India trial finds limited effectiveness from convalescent plasma
Using convalescent plasma to treat moderately ill COVID-19 patients did not reduce severity of the illness or risk of death, according to the findings of a clinical trial published last week.
The Indian trial, led by researchers at the Indian Council of Medical Research in New Delhi, found that convalescent plasma did not lead to a reduction in deaths or progression to severe disease by 28 days.
Some countries, including the USA and India, have authorised convalescent plasma for emergency use, while others, such as the UK, are collecting donated plasma so that it can be rolled out if shown to be effective. However, evidence on whether convalescent plasma can prevent deaths from COVID-19 is so far lacking.
The study, published in The BMJ, involved 464 adults, whose average age was 52 and who were admitted to 39 public and private hospitals across India between 22 April and 14 July 2020. All had confirmed moderate COVID-19.
The patients were randomly split into two groups, with 235 patients in the intervention group receiving two transfusions of convalescent plasma, 24 hours apart, alongside best standard of care, while the control group of 229 patients received best standard of care only.
The plasma samples were checked for safety and the levels of neutralising antibodies were also measured. All participants underwent clinical examination and a range of laboratory tests at the start of the trial and again on days one, three, five, seven and 14, and were contacted by telephone on day 28.
After 28 days, 44 (19%) participants in the intervention group and 41 (18%) in the control group had developed severe disease or had died from any cause. However, the treatment did appear to improve shortness of breath and fatigue, and resulted in more people testing negative for SARS‑CoV‑2 RNA after seven days.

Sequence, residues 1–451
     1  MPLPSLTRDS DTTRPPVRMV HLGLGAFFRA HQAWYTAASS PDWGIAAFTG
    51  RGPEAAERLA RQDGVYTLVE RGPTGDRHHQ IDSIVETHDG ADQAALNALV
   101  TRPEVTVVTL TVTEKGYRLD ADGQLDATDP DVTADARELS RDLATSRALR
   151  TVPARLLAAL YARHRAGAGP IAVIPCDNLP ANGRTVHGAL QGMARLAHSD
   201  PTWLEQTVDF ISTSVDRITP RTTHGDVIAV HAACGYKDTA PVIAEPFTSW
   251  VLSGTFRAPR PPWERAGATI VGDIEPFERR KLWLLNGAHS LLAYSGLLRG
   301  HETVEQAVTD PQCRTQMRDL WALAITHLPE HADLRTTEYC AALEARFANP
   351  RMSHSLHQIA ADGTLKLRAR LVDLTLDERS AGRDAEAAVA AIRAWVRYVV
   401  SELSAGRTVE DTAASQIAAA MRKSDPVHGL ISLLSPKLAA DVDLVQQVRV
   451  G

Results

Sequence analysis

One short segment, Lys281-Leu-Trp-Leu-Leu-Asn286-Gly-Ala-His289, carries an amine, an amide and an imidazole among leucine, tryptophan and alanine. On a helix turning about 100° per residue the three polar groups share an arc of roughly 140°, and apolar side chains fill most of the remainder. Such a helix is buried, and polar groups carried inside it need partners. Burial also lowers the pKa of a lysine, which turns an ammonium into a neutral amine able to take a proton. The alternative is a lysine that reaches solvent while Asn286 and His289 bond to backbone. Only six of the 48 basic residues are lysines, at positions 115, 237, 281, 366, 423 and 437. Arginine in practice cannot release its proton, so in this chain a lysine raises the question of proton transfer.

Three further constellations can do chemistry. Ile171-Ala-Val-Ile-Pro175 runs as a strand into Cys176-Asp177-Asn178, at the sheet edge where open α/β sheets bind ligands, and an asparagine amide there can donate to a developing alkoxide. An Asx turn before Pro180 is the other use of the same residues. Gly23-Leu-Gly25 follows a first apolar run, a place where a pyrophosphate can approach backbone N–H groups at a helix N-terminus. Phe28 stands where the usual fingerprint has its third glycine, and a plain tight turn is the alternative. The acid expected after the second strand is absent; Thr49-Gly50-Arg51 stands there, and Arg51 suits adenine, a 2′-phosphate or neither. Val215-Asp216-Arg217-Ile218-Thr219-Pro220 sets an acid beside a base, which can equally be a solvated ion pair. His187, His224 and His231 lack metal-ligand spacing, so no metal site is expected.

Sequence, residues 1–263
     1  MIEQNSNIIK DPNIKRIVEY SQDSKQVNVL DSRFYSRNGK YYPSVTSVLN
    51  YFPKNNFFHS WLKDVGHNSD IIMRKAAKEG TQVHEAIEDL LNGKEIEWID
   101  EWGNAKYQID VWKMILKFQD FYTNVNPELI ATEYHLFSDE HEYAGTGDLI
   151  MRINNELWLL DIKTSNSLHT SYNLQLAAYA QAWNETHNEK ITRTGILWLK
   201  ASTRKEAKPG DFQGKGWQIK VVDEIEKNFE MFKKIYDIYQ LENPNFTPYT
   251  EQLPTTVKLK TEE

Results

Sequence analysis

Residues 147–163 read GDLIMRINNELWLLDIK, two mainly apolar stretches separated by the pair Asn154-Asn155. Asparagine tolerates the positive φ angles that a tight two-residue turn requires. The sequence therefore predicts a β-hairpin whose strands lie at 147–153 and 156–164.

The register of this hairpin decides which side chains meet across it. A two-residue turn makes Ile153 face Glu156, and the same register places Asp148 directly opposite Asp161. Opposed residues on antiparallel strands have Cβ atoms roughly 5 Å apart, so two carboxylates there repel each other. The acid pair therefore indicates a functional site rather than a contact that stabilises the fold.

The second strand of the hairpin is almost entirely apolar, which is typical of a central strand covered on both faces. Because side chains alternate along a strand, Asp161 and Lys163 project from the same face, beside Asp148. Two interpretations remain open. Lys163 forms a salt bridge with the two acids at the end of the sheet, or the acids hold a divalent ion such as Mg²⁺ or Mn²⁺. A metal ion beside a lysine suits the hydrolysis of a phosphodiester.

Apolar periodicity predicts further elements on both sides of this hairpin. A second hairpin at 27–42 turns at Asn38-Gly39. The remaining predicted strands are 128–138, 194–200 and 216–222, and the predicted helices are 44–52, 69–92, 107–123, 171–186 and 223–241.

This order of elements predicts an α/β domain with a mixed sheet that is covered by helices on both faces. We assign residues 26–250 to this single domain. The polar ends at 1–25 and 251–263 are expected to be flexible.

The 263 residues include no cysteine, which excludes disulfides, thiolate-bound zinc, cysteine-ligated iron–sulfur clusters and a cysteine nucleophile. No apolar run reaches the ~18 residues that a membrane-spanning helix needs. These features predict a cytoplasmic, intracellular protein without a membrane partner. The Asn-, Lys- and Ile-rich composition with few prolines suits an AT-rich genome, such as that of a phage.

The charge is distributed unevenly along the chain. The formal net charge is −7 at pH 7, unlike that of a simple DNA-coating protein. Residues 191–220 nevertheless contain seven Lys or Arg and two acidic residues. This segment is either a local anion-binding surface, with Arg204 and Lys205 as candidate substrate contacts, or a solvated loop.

The researchers say the study design ensured that the only important difference between the two groups of patients was whether they received convalescent plasma. Restricting the comparison to patients who received plasma with detectable antibody levels did not change the results.
The team acknowledge some limitations, such as differences in the number of patients, laboratory tests, and standards of care across the trial sites that may have affected their results. However, they say the wide social, cultural, and economic mix of study participants mean the findings are likely to be more generalisable.
They conclude that because it showed limited effectiveness, future research could explore using only plasma with high levels of neutralising antibodies, to see if this might be more effective.
Meanwhile, in the UK, a collaboration between two clinical trials currently has more than 1,700 patients due to receive convalescent plasma, making it the largest in the world to test the therapy.
14 additional collection centres have now been opened to increase stocks of convalescent plasma should these trials show it to be effective. NHS Blood and Transplant (NHSBT) has already collected 9,000 units of plasma for the project.
Professor David Roberts, associate medical director for NHSBT, said: “We have so far seen a fantastic response from the public coming forward to donate plasma. We are rapidly building our capability to collect plasma so that we can move into supplying hospitals at scale, should the trial demonstrate patient benefit.”
A UK government minister Lord Bethell said: “The use of convalescent plasma has shown promising results in treating coronavirus and the opening of more donation centres is an important step towards getting this innovative treatment to more patients, if clinical trials demonstrate it should be available on the NHS.”
Agarwal A, Mukherjee A, Kumar G, Chatterjee P, Bhatnagar T, Malhotra P, on behalf of the PLACID Trial Collaborators. (2020) “Convalescent plasma in the management of moderate COVID-19 in adults in India: open label phase II multicentre randomised controlled trial (PLACID Trial).” BMJ, doi: 10.1136/bmj.m3939
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